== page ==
STTR Phase I: Novel Nanoparticle Complexes for Tunable Dielectric Materials

Award Information
Agency:
National Science Foundation
Branch
n/a
Amount:
$149,827.00
Award Year:
2009
Program:
STTR
Phase:
Phase I
Contract:
0930621
Award Id:
91228
Agency Tracking Number:
0930621
Solicitation Year:
n/a
Solicitation Topic Code:
n/a
Solicitation Number:
n/a
Small Business Information
518 North Main Street, Suite 207, Hattiesburg, MS, 39401
Hubzone Owned:
N
Minority Owned:
N
Woman Owned:
N
Duns:
826942463
Principal Investigator:
Praveen Madasu
DSc
(601) 818-0612
praveen.madasu@scigenesis.com
Business Contact:
Praveen Madasu
DSc
(601) 818-0612
praveen.madasu@scigenesis.com
Research Institution:
University of Southern Mississippi
Cecil D Burge
118 College drive #5116
Hattiesburg, MS, 39406 1892
(601) 266-4701
Nonprofit college or university
Abstract
This award is funded under the American Recovery and Reinvestment Act of 2009 (Public Law 111-5). This Small Business Technology Transfer (STTR) Phase I project seeks to develop new low-loss materials for tunable dielectrics, which are suitable for high-frequency applications and possess significant tunability at low temperatures. The most common tunable dielectric material is a ferroelectric. However, despite considerable advancements in the application of ferroelectrics to tunable dielectrics in recent years, these materials still possess unacceptable high losses and limited tunability, especially where application to high frequency and room temperature requirements must be met. The broader impacts/commercial potential will be the range of products that will benefit from improved tunable dielectric materials. Applications from cellular phones and hearing aids for consumers to remote sensing instruments and tunable microwave devices for industrial and military uses are made possible by the use of tunable dielectrics. The new nanocomposite materials enabled by the proposed innovation will provide lower losses and improved tunability at low voltages compared to current voltage tunable dielectric materials. These materials will enable smaller sized components, lower power consumption, and improved performance in existing applications and may also create opportunities for broader applications of the material. High-frequency tunable materials would also have application in both civilian and military applications, such as agile thin and thick film antennae, varactors (variable capacitors), phase shifters, tunable dielectric resonators, tunable impedance matching devices, tuned filters, and communication and remote sensing applications. The materials developed in this program will have a stimuli-responsive component, in that the dielectric permittivity will be sensitive to electric field effects.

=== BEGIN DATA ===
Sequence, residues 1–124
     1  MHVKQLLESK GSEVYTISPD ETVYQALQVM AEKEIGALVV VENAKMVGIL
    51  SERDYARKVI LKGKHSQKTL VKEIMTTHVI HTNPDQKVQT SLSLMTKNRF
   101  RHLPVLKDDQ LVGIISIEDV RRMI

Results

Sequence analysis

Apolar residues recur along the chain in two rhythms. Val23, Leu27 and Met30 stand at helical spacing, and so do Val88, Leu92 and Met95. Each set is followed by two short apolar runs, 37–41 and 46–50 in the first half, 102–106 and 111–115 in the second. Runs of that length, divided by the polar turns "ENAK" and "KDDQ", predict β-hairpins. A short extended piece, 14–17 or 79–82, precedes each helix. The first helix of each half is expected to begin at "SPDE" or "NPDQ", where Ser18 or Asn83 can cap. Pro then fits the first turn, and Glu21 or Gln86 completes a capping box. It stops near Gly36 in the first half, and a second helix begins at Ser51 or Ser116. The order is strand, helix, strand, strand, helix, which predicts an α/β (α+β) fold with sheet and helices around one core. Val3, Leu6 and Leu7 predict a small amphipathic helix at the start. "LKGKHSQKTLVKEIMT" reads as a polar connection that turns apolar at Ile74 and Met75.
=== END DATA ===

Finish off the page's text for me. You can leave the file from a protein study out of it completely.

* information listed above is at the time of submission.

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